In recent talks (e.g., at Going Native in February and at Lang.Next earlier this month), Herb has offered guidelines for proper usage of C++11.  He made it look so easy, I said to myself, “Heck, I could do that.”  Besides, people have been pestering me about a new edition of Effective C++, so I figured I’d sit down and try to come up with a few prospective guidelines.  “How hard can it be?,” I asked myself.

Easier than expected, actually.  In about a half hour, I’d jotted down some 25 candidate guidelines.  That’s more than enough for a meaty C&B talk, so I plan to give one.  What will be in the talk?  I don’t know yet, because what I have are prospective guidelines, and they will evolve as I work on them and as I learn more about C++11 and its effective application. (My knowledge continues to change almost daily.) What follows is a snapshot of the list of candidate guidelines I have right now.  The ordering is random, and the wording is tentative, so don’t read too much into them.  There are far more here than can be covered in single talk, so there’s no way I’ll cover all of these at C&B.  My plan is to focus on the ones I think include material that is particularly important or particularly surprising (e.g., counterintuitive). If you see a topic you’d like to hear about, please post a comment to that effect.  If you don’t see a topic you think I should address, please post about that.  If you see a guideline you think is bad advice, posting a comment is again the thing to do.  If you know of a good guideline you don’t see listed, post, post, post!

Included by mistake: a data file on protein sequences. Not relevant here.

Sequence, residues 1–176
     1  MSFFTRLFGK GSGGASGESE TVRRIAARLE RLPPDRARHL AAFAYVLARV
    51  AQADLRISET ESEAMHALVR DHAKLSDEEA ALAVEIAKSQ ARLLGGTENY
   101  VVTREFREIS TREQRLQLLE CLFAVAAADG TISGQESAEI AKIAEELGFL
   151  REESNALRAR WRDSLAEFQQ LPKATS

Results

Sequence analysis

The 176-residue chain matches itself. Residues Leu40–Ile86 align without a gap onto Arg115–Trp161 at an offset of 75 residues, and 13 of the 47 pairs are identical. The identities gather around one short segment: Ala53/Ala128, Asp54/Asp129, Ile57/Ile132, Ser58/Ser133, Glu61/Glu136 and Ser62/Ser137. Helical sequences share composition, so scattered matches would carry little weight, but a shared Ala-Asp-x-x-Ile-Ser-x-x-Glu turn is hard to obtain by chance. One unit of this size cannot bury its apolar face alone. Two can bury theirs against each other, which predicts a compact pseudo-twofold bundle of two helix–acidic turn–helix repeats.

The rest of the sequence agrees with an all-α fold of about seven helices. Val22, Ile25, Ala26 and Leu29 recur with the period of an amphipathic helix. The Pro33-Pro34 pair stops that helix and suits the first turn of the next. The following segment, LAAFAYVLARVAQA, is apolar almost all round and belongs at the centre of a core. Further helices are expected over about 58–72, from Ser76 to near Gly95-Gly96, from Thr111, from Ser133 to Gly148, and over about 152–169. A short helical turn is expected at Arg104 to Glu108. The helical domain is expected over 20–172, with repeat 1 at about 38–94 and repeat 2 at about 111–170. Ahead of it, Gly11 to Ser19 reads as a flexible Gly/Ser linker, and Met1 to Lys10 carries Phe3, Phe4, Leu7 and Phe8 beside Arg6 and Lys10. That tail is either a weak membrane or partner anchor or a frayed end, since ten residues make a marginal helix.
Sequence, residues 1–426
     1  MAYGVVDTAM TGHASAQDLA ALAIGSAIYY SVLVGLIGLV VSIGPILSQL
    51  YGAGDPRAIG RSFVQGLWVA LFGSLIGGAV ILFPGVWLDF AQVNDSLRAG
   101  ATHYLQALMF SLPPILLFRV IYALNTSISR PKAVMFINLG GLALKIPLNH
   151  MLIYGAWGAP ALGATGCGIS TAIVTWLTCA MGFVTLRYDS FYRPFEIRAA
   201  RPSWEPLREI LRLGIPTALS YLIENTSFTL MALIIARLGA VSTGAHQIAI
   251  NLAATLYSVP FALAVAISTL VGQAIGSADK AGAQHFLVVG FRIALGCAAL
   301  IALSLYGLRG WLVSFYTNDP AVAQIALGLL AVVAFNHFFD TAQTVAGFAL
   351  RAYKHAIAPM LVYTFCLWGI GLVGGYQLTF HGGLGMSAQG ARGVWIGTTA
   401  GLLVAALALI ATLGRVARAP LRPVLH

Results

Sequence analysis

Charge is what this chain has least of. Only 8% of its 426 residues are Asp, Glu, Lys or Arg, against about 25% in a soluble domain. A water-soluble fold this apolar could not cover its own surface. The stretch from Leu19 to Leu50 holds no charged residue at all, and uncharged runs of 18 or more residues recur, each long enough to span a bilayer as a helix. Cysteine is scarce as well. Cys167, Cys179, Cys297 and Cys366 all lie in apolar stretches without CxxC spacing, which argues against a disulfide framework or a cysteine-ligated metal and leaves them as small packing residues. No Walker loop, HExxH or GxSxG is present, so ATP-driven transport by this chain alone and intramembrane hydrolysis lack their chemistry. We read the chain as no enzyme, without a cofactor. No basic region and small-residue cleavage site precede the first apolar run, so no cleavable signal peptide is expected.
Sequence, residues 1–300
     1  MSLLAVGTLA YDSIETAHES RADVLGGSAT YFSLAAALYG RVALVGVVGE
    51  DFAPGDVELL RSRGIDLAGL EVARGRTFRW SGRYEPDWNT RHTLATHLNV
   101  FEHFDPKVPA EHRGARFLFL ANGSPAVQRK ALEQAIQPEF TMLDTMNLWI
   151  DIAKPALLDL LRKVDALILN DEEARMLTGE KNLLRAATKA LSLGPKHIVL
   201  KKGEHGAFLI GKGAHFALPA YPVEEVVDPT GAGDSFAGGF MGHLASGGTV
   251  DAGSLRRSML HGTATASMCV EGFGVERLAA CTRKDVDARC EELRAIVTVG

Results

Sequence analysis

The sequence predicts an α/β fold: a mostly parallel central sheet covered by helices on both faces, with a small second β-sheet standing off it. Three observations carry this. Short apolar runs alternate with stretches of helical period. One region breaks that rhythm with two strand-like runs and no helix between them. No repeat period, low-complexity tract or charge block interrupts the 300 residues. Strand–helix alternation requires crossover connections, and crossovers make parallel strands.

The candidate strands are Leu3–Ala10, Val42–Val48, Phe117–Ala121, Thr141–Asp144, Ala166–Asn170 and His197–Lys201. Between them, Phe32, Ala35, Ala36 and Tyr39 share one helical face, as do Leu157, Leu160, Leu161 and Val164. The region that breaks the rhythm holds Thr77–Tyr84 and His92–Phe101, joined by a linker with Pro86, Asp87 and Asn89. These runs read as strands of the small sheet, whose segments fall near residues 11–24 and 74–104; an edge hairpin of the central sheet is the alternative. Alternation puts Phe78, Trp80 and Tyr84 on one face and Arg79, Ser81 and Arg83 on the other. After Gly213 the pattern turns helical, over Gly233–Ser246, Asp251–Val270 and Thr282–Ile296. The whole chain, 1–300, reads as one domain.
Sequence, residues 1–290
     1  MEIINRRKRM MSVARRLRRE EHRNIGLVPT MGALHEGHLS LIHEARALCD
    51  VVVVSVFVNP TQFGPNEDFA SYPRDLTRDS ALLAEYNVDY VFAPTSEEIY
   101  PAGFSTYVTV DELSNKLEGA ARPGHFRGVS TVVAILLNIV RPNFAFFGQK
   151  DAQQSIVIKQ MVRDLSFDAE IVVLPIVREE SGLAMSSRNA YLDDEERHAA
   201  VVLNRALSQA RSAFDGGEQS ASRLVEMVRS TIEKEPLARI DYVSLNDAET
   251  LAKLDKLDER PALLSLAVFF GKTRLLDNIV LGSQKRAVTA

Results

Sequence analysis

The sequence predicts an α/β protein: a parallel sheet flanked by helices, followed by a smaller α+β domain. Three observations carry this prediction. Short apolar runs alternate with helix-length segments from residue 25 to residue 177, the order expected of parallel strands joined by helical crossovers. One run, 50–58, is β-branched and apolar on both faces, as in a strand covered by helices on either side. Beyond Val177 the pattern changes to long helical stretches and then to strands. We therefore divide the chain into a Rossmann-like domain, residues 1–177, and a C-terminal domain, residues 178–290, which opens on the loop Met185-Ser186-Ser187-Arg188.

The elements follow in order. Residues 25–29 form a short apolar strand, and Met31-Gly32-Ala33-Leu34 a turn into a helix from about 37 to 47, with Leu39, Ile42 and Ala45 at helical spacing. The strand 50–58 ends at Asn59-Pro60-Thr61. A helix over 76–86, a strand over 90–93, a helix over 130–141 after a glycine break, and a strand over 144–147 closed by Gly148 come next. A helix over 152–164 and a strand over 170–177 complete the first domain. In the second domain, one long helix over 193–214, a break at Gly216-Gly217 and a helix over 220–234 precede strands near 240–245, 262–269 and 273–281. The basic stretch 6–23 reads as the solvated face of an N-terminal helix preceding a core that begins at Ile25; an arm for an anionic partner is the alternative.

• Prefer auto to Explicit Type Declarations
  • Distinguish () and {} When Creating Objects
  • Remember that auto + { expr } == std::initializer_list
  • Prefer non-member begin/end to member versions
  • Declare std::thread Members Last in Classes
  • Be Wary of Default Capture Modes in Lambdas Escaping Member Functions
  • Prefer Emplacement to Insertion
  • Pass std::launch::async if Asynchronicity is Essential
  • Minimize use of Weak Atomics
  • Distinguish Rvalue References from Universal References
  • Assume that move operations are neither present nor cheap
  • Prefer Lambdas over Binders
  • Prefer Lambdas over Variadic Arguments to Threading Functions
  • Be Wary of Oversubscription
  • Apply std::forward when Passing Universal References
  • Prefer std::array to Built-in Arrays
  • Use std::make_shared Whenever Possible
  • Prefer Pass-by-Reference-to-const to Pass-by-Value for std::shared_ptrs
  • Pass by Value if You’ll Copy Your Parameter
  • Reserve noexcept for Functions with Wide Interfaces
  • For Copyable Types, View Move as an Optimization of Copy
  • Prefer enum classes to enums
  • Prefer nullptr to NULL and 0
  • Distinguish among std::enable_if, static_assert, and =delete